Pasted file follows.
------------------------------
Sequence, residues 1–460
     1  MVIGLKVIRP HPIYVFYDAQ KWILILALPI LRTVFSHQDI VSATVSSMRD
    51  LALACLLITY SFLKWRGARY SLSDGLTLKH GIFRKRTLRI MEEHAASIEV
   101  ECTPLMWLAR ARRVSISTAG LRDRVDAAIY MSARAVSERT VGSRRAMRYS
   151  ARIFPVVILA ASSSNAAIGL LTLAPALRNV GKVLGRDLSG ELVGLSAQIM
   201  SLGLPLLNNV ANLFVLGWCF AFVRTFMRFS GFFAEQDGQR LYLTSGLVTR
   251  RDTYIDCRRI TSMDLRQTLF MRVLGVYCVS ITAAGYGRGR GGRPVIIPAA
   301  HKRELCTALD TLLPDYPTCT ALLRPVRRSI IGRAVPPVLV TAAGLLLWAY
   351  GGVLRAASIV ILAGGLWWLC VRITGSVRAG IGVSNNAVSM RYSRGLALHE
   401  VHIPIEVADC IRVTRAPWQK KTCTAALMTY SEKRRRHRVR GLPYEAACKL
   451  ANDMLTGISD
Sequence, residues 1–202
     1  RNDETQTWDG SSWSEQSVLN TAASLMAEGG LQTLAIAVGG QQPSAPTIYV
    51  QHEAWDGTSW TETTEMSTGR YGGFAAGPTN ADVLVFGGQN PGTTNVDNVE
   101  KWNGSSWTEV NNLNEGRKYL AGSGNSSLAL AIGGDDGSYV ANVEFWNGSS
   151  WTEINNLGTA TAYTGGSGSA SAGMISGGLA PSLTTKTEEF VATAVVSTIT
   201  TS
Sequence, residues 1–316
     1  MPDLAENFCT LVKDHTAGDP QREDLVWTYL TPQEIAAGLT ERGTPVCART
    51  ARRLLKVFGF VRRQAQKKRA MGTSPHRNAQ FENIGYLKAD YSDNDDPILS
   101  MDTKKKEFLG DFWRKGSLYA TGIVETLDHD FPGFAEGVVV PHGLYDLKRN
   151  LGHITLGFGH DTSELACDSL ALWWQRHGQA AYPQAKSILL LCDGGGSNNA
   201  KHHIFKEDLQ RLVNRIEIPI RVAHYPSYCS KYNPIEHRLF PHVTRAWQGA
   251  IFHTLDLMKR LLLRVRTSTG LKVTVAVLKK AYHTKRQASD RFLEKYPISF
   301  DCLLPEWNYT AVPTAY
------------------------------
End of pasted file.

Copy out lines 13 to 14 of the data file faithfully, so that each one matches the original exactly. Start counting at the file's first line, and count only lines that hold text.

     1  RNDETQTWDG SSWSEQSVLN TAASLMAEGG LQTLAIAVGG QQPSAPTIYV
    51  QHEAWDGTSW TETTEMSTGR YGGFAAGPTN ADVLVFGGQN PGTTNVDNVE